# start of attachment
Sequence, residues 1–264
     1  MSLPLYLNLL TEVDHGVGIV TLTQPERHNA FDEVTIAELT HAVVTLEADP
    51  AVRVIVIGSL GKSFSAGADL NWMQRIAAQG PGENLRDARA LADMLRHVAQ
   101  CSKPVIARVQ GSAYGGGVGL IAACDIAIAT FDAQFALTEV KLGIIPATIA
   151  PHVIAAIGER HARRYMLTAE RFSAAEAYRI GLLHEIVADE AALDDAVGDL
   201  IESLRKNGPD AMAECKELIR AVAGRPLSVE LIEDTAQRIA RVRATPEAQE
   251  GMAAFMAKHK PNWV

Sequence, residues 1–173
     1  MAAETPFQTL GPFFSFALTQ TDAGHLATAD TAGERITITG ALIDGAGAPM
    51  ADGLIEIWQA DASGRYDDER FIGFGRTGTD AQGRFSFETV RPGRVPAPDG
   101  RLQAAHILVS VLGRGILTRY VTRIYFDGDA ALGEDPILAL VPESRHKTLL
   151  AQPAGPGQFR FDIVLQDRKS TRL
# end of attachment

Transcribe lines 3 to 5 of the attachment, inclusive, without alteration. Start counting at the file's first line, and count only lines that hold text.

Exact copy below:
    51  AVRVIVIGSL GKSFSAGADL NWMQRIAAQG PGENLRDARA LADMLRHVAQ
   101  CSKPVIARVQ GSAYGGGVGL IAACDIAIAT FDAQFALTEV KLGIIPATIA
   151  PHVIAAIGER HARRYMLTAE RFSAAEAYRI GLLHEIVADE AALDDAVGDL